Having rested, I am (mostly) confident that my “block” results not from perfectionism but from the recognition of genuine issues within my story. Addressing those issues now makes for an arduous beginning, but I think it will make for a smoother middle and end, and I am no longer tempted to barrel ahead. With these early pages, I take aim. If I aim well now, I will land it later.
(It’s amazing how much time I spend convincing myself to stick to the original plan.)
It occurred to me, too, that six weeks of work on my current schedule equates to just thirty hours of writing time. From what I gather, most professional writers spend at least twenty hours per week at the desk. If I was able to treat writing like a real job (and visions of kindergarten danced in her head!) my progress would amount to just a week or two’s work. Encouraging.
I am itching to get back to it. Today I intend to revisit my plans for the later parts of the book to bring the target into focus in preparation for returning to my daily habit next week. Maybe I’ll get my pens and notecards involved. There is something inspiring about a Sharpie pen, and you can’t deny it.
Thank you, my dear, few readers, for making me feel just the teeniest bit too conspicuous to quit. Onward we go.
A frightening concept: What if I have to draft the whole book to write the first fifty pages?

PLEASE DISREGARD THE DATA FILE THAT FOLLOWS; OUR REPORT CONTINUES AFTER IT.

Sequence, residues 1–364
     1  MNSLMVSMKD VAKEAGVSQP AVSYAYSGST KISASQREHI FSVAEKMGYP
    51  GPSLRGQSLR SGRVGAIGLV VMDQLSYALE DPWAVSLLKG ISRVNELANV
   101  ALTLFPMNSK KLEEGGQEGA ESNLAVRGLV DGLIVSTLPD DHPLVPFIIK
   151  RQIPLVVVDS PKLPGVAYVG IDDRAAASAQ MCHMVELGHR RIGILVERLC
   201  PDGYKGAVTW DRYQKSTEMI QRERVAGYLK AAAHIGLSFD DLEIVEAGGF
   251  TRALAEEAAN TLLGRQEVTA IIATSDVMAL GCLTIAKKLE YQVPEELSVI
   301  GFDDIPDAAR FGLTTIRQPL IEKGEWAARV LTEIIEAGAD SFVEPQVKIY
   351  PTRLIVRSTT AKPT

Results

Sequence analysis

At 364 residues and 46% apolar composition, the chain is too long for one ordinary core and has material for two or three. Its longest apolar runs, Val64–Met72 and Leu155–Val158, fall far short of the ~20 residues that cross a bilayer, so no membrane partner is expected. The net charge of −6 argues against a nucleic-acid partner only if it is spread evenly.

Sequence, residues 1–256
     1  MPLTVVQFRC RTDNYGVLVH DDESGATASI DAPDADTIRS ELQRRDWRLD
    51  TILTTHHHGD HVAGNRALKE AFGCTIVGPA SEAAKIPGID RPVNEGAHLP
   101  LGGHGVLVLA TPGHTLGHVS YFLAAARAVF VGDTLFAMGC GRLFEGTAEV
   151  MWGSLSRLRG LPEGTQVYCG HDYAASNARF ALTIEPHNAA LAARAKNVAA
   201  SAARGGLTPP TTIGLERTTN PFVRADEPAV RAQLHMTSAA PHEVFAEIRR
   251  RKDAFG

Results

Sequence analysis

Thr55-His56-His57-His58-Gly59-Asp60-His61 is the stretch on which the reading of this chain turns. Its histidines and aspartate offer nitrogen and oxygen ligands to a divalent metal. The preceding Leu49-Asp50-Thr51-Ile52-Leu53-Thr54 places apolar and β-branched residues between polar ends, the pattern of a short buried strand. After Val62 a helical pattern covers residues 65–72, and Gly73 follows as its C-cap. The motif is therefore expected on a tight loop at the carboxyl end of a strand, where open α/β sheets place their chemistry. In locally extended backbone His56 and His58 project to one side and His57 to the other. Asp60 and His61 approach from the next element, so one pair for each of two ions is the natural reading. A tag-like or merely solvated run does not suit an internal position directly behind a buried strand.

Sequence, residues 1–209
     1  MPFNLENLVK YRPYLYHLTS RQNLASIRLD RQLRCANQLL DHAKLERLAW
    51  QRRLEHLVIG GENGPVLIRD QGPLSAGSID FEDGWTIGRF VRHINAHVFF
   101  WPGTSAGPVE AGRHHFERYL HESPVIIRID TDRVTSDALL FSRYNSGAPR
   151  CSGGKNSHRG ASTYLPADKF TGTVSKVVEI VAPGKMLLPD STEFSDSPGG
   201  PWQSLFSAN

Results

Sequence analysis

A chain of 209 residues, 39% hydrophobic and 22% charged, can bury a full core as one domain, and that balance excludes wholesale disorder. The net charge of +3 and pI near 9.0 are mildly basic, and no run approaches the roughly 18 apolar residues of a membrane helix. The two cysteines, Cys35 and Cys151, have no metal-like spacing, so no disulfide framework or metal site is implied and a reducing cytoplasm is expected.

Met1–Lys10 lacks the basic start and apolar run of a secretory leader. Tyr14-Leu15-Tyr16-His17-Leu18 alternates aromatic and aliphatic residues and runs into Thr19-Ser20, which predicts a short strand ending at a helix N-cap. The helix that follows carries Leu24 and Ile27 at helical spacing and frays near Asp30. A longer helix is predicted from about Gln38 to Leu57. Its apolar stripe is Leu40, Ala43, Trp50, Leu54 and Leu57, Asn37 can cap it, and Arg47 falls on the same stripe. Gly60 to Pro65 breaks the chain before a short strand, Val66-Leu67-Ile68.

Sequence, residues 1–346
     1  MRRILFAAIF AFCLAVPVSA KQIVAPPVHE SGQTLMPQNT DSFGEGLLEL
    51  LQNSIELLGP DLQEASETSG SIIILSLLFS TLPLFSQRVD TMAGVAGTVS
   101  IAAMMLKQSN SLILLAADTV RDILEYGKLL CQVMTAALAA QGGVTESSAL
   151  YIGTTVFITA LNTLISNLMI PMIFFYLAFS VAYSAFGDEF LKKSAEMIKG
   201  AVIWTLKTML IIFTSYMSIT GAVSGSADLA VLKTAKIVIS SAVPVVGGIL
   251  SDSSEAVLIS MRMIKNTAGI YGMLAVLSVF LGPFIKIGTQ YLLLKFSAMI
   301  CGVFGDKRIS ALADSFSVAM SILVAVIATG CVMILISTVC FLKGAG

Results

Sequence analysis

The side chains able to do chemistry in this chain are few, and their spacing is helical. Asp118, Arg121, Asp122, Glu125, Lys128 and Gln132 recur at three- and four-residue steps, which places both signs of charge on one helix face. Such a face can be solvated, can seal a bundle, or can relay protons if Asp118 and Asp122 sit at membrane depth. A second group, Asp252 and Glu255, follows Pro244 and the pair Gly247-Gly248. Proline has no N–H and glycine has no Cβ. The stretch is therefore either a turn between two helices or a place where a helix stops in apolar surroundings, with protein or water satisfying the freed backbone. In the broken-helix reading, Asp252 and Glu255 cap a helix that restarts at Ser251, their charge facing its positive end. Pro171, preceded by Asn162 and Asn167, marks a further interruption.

I don’t know whether I’ve lost my mind or stumbled on the secret. I have little faith in my brains today. There’s no telling whether anything in there is gold or garbage.
A year and a week ago, I had a panic attack that set off a two-month-long mental breakdown. By the grace of God, I showed up on the other side around the end of May. Since then I have been riding out this pandemic with raw knuckles and, most days, a calm resignation which baffles me. But last week I received my first vaccine, and that first ray in the darkness has shattered the patience that was sustaining me. I am clawing to get out. I am starving for life. Exhaustion is running to catch up with me.
Far be it from me to say I cannot write in this state. Nervous energy is not unlike creative energy, which is why I have half a mind to throw a harness on the madness and see where we end up. But my current goals require careful editing and problem-solving–a domesticated mind, if you will.
I have been orbiting this third chapter for, what, three weeks now? And for the first time I am giving my doubts the benefit of themselves and considering the possibility that I might in fact be losing ground with my constant tweaking and circling back. The question now is whether to stay the course, recognizing the desire to deviate as a normal part of the process, or whether to reconsider my tactics.